By making smaller attainable goals it keeps you going, moving forward. We would all rather do something that we succeed at. Setting huge goals and then not being able to achieve them will only cause that feeling of failure and then we just throw the whole idea out the window until we get inspired again (who knows when that will be!).


All of that yo-yoing isn’t going to ensure you get a lasting result to your goal. So just avoid it. Make the goal smaller and something you KNOW you can do like, “I will work out 2 times a week for at least 20 minutes.”


If you do more than 20 minutes, great!  But if you only get those 20 minutes in, celebrate it because you did it! Success.


Once you do that for a while and it starts to feel super easy you know you can set an incrementally higher goal. Remember not to get too lofty! The goal here is success and longevity.


As humans we like feeling successful, so set yourself up for it.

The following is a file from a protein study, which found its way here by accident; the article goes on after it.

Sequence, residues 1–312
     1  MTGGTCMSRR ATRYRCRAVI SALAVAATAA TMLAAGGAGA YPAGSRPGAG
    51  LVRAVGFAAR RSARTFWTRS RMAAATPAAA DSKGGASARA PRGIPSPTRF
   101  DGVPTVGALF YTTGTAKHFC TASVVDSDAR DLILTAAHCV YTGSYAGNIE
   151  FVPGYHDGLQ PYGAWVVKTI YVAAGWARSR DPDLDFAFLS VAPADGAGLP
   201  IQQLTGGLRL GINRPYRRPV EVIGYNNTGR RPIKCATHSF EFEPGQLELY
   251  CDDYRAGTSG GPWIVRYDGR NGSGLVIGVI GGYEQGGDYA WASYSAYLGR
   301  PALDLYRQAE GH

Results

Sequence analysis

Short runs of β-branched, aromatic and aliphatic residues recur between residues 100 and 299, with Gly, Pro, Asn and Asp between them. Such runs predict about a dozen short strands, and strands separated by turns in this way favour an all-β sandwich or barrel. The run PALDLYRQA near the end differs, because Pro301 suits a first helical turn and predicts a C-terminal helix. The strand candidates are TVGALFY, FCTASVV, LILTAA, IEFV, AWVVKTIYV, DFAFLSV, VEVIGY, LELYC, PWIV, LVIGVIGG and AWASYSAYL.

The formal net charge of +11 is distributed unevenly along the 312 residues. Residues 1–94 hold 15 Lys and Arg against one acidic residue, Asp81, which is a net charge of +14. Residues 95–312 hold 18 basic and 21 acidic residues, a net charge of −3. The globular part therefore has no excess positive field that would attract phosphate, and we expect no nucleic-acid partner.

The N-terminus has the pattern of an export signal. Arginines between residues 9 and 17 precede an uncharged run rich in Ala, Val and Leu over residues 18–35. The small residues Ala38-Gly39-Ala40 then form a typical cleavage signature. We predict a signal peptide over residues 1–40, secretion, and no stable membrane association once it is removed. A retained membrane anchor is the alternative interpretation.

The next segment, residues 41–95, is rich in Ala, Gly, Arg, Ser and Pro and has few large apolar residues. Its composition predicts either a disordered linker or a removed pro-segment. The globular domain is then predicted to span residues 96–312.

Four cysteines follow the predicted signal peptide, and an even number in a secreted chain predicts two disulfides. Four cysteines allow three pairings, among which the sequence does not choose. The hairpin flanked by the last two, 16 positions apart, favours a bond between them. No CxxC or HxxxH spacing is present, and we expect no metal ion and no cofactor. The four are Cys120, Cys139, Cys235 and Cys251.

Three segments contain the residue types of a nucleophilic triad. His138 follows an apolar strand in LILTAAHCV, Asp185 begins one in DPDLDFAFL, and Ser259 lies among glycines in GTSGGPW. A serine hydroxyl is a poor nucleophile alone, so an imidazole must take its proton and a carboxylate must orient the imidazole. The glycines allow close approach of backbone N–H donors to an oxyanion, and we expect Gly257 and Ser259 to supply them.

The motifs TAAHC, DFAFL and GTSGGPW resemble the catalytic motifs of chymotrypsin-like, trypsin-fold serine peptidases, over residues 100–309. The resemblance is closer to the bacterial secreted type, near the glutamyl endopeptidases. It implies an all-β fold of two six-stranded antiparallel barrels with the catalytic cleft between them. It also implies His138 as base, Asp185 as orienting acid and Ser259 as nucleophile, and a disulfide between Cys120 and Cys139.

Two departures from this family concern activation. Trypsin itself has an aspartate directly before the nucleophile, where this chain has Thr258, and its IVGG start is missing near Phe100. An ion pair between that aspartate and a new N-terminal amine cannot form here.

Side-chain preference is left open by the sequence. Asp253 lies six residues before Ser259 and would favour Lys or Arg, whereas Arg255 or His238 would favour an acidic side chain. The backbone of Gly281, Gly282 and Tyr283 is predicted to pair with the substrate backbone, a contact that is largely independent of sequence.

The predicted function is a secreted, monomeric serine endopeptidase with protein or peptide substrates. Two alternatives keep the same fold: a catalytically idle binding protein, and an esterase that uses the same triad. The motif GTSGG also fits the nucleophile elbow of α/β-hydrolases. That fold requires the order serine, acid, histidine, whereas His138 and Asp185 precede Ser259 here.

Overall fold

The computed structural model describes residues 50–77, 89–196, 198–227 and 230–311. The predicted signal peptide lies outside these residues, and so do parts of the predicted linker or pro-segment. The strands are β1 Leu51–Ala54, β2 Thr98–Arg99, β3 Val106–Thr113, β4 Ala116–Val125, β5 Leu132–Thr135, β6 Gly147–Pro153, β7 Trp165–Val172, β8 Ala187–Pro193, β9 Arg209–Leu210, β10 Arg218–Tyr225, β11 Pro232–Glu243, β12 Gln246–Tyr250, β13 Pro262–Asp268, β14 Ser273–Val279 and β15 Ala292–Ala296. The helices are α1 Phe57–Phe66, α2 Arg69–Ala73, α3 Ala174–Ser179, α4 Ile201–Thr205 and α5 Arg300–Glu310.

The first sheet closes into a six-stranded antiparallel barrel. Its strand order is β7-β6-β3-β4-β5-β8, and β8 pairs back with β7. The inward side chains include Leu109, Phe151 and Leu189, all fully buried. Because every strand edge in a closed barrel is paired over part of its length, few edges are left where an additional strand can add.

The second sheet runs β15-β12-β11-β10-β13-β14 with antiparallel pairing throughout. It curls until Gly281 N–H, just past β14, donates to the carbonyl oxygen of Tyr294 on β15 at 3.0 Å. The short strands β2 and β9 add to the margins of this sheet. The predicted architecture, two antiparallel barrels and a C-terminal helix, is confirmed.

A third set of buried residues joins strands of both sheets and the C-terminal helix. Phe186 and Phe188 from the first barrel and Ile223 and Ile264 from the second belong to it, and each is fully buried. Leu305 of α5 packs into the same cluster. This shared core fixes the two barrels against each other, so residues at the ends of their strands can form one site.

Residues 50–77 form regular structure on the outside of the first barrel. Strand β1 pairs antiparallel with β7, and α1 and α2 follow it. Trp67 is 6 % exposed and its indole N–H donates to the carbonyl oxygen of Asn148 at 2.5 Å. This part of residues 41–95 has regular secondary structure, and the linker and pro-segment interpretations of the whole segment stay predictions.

(guess what?! I have a video on goal setting success!  Check it out here)


3. Keep Your Mindset Positive.


Easier said than done.  Yes, I know.


It’s easy to get caught up in the negative self-talk. Instead focus on what you have done, or can do.


Avoid getting down on yourself because maybe you lifted less than you want, or you ONLY worked out for 20 minutes.


Allow yourself be joyful for you accomplishments.


When we get caught up in negative thoughts and talk around an activity we will begin to see it negatively. It will become something we dread.


If your thoughts around working out and exercise are constantly negative you won’t want to do it. It will bring up a yucky feeling and so you will make every excuse not to go.


Positivity will keep you progressing. Negativity will only hinder your results and progress.


Buddha said, “What we think we become.” If you think you suck, if you think you are weak, if you think you aren’t making any improvement. Guess what? YOU PROBABLY WON’T.


Change your mind, change your life.


There’s so much more to developing an effective workout routine than WHICH one you pick.


Developing new habits is a mind game. So get your head in the game and start moving.


With [icon icon=icon-heart size=14px color=#800080 ]



P.S. Which one of these 3 things do you struggle with most?  Do you have any other good advice for everyone else? Share it in the comments below!